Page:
Discrimination and Harassment — Business Management Daily: Free Reports on Human Resources, Employment Law, Office Management, Office Communication, Office Technology and Small Business Tax Business Management Daily — Business Management Daily: Free Reports on Human Resources, Employment Law, Office Management, Office Communication, Office Technology and Small Business Tax Page 70
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Discrimination and Harassment

Discrimination and harassment claims often increase in a down economy. Learn the proper techniques for conducing proper workplace harassment investigations, providing sexual harassment training, and more to reduce claims of employment discrimination and preventing sexual harassment in the workplace.

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Are you facing the prospect of terminating an employee who happens to be the only member of a particular protected class? Don’t let the fear of a lawsuit stop you from making a legitimate business decision. Just make sure you can document exactly why you have chosen this employee for termination.
Buffalo, Minn.-based Izza Bending Tube & Wire has settled a retaliation suit filed by the EEOC. The suit alleged an employee had her salary cut, was demoted, laid off and ultimately terminated after she refused to discriminate against a black employee.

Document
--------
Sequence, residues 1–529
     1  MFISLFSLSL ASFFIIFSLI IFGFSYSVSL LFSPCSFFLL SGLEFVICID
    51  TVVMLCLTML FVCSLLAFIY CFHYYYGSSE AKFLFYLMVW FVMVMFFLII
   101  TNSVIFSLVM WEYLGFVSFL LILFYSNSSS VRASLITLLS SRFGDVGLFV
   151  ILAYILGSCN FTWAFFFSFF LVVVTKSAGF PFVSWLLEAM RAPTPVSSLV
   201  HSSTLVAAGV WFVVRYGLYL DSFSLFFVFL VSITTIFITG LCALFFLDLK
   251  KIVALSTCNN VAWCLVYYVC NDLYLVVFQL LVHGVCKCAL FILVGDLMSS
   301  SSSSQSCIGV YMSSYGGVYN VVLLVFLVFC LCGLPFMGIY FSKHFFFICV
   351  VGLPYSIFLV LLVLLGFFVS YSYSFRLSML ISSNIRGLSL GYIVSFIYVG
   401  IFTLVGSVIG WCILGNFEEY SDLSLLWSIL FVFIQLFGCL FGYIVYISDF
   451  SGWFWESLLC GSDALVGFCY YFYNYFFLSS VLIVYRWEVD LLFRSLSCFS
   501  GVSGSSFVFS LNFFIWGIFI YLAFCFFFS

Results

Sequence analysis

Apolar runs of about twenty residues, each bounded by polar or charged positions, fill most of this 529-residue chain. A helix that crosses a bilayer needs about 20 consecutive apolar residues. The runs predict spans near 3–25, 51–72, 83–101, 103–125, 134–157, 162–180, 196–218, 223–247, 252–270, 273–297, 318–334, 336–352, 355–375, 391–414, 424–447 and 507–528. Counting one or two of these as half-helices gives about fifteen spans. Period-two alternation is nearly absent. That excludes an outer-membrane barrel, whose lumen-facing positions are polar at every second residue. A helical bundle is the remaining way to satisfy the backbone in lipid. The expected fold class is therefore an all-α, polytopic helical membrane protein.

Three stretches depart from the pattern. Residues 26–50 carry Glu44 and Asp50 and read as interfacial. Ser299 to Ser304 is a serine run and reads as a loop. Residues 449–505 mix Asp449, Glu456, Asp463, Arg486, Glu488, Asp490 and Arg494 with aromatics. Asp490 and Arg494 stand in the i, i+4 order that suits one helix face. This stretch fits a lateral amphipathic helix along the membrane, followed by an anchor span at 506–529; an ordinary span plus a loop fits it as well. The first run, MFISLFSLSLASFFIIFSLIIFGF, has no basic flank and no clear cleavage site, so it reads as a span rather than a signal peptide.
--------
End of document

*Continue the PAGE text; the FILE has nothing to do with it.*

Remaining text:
It isn’t just about protecting employees. It’s also a sound risk-management strategy against harassment liability.
The New York Mets and its owner, Jeff Wilpon, face charges the baseball team fired its head of ticket sales and marketing because she chose to have a child out of wedlock.
San Antonio-based Taprite Fassco Manufacturing, a company that supplies CO2 regulators to the beer and soda industries, may get a bit of indigestion courtesy of the EEOC. The commission is suing the company, alleging that it demoted a female employee who raised concerns that men were paid more than women in comparable positions.

Clever lawyers are always looking for ways to reach deeper into employer pockets. One tactic has been to add state negligence claims to run-of-the-mill discrimination cases. That won’t work anymore, at least as far as negligent hiring, supervision and retention claims are concerned.

Employers must reasonably accommodate employees’ religious beliefs unless doing so would cause undue hardship. Some employers take this to mean they get to decide what constitutes a genuine religious belief—and nix requests for time off for religious observances that don’t fit their defi­nition. That’s legal blasphemy!

Rudeness is likely to sneak into the workplace no matter how many civility rules you post. Unless the behavior is clearly abusive or obviously offensive to a protected class, don’t lose too much sleep over a potential lawsuit.

On Oct. 6, the U.S. Supreme Court declined to review all seven same-sex marriage cases pending before it. The Court’s refusal to hear the appeals meant that the lower court decisions striking down same-sex marriage bans in Indiana,  Oklahoma, Utah, Virginia and Wisconsin took effect right away. The immediate effects are twofold.

Before disciplining an employee who says she did what she did because her supervisor told her it was OK, make sure others following the same informal rule were treated the same. If you fire or demote one, you must fire or demote the other.
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